The White House announced Thursday morning that Medicaid and the Children’s Health Insurance Program (CHIP) will cover postpartum medical care for a full year, an increase from 60 days, in 14 states plus the District of Columbia. New Mexico is among the states where the expanded coverage is being implemented.
The extension, funded through the federal American Rescue Plan Act, extends coverage to an estimated 253,000 parents, including 5,000 New Mexicans. The program has been funded for five years, during which time parents are eligible for coverage after more than one birth.
Pelvic exams, vaccinations, screenings for postpartum depression and regular checkups are among the services that will covered.
The coverage is effective immediately and retroactive to April 1, a spokesperson for the Centers for Medicare and Medicaid Services confirmed.
In a press call Thursday morning, Vice President Kamala Harris said the measure aimed to mitigate what she described as “a maternal mortality crisis” in the United States.
“Women in our nation are dying from pregnancy-related causes at a higher rate than any other developed nation, dying before, during and after childbirth,” Harris said. “Black women are three times more likely to be affected by this and to die from childbirth related causes. Native women are twice as likely. Rural women, one and a half times (more) likely.”
Data from the Centers for Disease Control and Prevention show that American maternal mortality rates, defined as the death of women during pregnancy or within 42 days of the pregnancy’s conclusion, have continued to increase since 2017, when the World Health Organization announced that the United States was one of two countries (with the Dominican Republic) with increasing rates despite worldwide declines.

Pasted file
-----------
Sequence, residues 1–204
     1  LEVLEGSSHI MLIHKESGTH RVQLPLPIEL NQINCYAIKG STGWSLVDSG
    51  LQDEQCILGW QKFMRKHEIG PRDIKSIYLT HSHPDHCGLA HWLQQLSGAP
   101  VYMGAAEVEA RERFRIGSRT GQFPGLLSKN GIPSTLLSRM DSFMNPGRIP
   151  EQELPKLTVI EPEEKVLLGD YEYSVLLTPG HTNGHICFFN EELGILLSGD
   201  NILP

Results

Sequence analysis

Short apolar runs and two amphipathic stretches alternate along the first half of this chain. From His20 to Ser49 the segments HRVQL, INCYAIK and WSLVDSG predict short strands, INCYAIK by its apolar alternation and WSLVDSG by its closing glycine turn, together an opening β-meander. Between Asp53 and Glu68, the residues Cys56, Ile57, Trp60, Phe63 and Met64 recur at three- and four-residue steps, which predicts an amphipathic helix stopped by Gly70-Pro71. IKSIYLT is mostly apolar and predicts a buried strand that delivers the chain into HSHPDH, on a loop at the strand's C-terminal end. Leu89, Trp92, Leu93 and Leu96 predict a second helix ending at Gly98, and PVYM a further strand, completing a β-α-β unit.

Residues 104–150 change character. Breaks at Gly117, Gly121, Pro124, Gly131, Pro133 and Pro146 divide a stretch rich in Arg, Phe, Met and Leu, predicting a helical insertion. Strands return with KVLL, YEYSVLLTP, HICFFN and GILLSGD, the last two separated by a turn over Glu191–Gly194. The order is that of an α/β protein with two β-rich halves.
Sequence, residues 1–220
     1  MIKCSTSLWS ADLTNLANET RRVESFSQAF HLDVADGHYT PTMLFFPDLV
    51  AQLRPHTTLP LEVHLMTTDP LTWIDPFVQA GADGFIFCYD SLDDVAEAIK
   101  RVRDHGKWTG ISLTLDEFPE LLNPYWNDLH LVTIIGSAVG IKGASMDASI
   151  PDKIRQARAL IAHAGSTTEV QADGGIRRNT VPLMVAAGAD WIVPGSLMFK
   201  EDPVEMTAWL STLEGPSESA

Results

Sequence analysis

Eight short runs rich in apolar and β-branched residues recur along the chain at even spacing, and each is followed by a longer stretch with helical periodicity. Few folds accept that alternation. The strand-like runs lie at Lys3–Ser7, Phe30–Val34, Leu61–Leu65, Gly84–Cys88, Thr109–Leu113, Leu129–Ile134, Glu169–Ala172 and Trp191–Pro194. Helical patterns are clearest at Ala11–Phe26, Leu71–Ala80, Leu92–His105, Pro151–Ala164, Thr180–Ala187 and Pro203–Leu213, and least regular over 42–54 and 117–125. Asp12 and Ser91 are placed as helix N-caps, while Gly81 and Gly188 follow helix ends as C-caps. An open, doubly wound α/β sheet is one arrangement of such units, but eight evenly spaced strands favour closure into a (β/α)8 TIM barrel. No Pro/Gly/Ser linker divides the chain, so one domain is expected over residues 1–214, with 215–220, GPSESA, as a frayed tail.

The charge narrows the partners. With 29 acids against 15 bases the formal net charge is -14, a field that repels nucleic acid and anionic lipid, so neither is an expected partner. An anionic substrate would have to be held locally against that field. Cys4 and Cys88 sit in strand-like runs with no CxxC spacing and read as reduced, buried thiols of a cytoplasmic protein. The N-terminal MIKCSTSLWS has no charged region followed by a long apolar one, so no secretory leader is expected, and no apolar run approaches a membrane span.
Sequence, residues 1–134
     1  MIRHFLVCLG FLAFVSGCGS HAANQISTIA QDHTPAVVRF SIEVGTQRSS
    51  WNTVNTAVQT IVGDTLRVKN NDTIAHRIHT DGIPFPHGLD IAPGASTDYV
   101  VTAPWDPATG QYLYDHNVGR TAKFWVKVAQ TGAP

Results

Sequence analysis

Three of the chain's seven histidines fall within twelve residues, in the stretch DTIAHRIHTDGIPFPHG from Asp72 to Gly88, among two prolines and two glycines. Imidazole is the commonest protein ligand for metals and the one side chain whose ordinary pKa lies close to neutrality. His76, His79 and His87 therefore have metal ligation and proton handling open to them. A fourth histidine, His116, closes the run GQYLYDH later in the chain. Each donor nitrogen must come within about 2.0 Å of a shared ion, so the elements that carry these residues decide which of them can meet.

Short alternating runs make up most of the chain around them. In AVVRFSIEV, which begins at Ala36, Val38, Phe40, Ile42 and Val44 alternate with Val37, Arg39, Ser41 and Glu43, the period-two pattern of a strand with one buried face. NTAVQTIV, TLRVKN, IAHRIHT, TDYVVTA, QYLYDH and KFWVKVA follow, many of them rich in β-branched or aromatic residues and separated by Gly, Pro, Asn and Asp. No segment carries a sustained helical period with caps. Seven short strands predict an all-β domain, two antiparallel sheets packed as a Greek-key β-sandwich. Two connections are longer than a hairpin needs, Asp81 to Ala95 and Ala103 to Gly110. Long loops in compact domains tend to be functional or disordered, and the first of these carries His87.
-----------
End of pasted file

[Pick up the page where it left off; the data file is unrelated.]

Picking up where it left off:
More than half of pregnancy-related deaths occur in the year after birth, according to CMS.
From 2018 to 2020, the number of maternal deaths increased each year even as live births decreased. The mortality rate in 2020 was 23.8 deaths per 100,000 live births. In New Mexico, the average rate from 2016 to 2019 was 18 per 100,000 live births, per data from the New Mexico Department of Health.
The CMS also approved new extensions for California, Washington D.C., Florida, Illinois, Kentucky, Louisiana, Maine, Michigan, Minnesota, New Jersey, Oregon, South Carolina, Tennessee and Virginia. CMS Administrator Chiquita Brooks-LaSure said announcements would follow of extensions in other states that have applied for the program.
In New Mexico, the extension is projected to cover approximately 5,000 parents.
Gov. Michelle Lujan Grisham, who participated in the call, said the coverage would close gaps in services in New Mexico and improve health outcomes for mothers and newborn children. She linked gaps in healthcare to poverty and lack of services in the state’s rural areas, which she described as “obstetric deserts.” She specified that the coverage extends to care provided by doulas and midwives.
“This is the way that we creative universal changes to outcomes and access,” she said.
Per CMS, Medicaid covers approximately 42 percent of all births in the United States. Yet after 60 days, parents who lose that coverage often experience gaps or loss of insurance coverage and may miss out on care as a consequence, as reported by the Health and Human Services Department. The outcomes fall hardest on communities in poverty and of color.